what do runners eat

How To Eat Like A Runner For The Next Workout

Are you an avid runner who wants to feel strong and always in top shape? While putting in 110% of your energy into each workout is a good way of going about it, doing so is only half of the battle. You can run as many miles as you want, but in order to get better, you’ll also need to consider your diet.

Of course, it comes as a no-brainer that eating junk food (e.g. fried foods, sweets, etc.) is not good for you, but also knowing what foods are good for you can really make a difference in terms of gaining muscle, boosting energy, and overall get you healthy.

In this article, we’ll list the top foods for runners which will, hopefully, inspire you to go about and do the same thing. Soon, you can enhance yourself and be ready to give it your all on the next run!


1. Fruits and vegetables.

It comes as no surprise that fruits and vegetables make this list of foods for the runner’s diet. However, the important trick to eating smart with these food groups is to get as many colorful produce into your system.

Think the rainbow: red for tomatoes, orange for sweet potatoes, yellow for bananas, green for broccoli, and so forth. Eating all of these foods packs a powerful punch, enhancing your potassium and iron levels, as well as other vitamins and minerals, that will be sure to boost energy, endurance, and recovery time for runs.

For some of you that do not like eating fruits and vegetables: Are there any other options? Yes, you can just drink them. My favorite is carrot juice. Take a look at the carrot juice benefits, I am sure that you will totally be convinced.​

For more information on the benefits for fruits and vegetables for runners, check out this article.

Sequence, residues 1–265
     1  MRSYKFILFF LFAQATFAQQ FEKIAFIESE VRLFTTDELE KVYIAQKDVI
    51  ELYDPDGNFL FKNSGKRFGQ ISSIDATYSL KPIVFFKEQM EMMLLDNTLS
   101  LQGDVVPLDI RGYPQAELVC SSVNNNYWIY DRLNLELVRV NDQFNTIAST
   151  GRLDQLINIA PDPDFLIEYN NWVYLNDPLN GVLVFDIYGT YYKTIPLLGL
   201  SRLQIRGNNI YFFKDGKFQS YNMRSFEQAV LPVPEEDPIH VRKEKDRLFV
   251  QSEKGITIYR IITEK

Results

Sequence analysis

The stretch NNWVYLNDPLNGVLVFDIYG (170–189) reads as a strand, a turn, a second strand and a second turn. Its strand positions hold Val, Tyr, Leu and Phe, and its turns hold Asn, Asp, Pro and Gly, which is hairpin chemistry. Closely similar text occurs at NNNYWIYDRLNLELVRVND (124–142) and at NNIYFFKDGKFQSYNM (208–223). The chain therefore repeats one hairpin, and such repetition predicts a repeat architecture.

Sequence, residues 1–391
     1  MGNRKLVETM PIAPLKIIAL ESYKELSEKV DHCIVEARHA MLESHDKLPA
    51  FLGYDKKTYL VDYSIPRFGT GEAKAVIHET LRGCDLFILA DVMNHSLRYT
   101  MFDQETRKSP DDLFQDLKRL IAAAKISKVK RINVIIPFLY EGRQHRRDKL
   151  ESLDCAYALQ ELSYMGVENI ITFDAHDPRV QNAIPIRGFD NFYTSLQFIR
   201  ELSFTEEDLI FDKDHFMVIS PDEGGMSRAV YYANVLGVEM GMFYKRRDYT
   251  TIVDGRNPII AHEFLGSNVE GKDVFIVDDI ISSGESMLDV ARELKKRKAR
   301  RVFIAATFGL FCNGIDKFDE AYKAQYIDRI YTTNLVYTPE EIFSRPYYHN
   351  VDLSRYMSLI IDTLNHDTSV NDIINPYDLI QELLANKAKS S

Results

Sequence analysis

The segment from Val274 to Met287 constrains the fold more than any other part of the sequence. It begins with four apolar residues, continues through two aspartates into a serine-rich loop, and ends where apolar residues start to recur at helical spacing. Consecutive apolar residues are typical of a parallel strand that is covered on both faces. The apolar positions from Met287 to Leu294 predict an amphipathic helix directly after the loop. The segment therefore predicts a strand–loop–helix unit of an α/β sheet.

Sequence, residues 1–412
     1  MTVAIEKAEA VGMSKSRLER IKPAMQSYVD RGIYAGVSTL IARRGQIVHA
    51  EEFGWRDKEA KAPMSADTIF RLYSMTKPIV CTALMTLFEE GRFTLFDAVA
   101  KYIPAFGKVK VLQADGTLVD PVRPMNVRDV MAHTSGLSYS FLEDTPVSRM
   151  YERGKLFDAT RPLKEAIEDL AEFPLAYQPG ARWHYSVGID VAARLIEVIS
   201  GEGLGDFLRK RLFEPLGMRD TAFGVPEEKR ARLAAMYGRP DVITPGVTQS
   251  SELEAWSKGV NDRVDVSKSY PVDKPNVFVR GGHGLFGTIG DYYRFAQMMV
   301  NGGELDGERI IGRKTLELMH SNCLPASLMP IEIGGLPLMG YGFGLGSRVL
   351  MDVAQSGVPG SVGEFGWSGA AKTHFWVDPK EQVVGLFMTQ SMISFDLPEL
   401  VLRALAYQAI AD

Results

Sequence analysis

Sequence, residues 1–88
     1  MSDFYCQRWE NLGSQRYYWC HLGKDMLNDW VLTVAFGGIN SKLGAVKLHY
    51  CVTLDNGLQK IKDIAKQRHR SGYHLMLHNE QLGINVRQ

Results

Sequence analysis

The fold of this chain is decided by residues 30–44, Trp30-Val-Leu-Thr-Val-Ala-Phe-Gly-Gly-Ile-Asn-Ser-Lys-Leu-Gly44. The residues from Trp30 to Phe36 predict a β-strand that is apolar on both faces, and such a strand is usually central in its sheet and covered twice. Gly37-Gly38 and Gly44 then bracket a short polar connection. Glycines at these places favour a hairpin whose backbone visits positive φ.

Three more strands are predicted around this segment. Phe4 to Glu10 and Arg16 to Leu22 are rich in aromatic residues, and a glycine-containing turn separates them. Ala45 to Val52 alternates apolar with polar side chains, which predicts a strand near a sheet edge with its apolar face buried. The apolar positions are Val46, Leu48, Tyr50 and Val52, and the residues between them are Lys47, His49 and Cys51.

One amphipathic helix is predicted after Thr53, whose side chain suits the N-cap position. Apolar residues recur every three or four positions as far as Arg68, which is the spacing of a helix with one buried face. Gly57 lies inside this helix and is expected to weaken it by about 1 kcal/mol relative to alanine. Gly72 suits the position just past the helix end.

2. Lean meats.

Perhaps you’ve seen many athletes stock up on eggs and chicken breast for almost every meal. It might seem strange, but there’s a good reason to it. Naturally, meat contains protein which is used to build muscle and strength, considering that you burn through many protein reserves in your muscles when you log in many miles. There even is evidence suggesting that consuming more protein helps athletes take on heavier, more intense workouts.

That said, definitely consider taking in lean meats such as chicken and certain cuts of beef (with added iron to boot). Eggs, whether boiled, scrambled, or poached, are a good bet, too. If you like seafood, then consider ones like salmon which are also high in omega-3 fatty acids, which can benefit the heart.

To find out more about lean meats and running, read this article.

3. Whole grains.

From whole-grain bread to whole-wheat pasta, substituting them for the bleached, processed versions can provide more nutrition in your daily intake while also fueling you up for your next run. It is said that a runner’s diet should contain up to 60 percent of carbohydrates, of which whole-grain foods can account for the majority.

If you’re afraid that eating too many carbs will make you gain weight, you don’t have to worry about it. As long as you can balance your diet with the right amount of activity, eating food items like pasta or rice will actually benefit you more than not.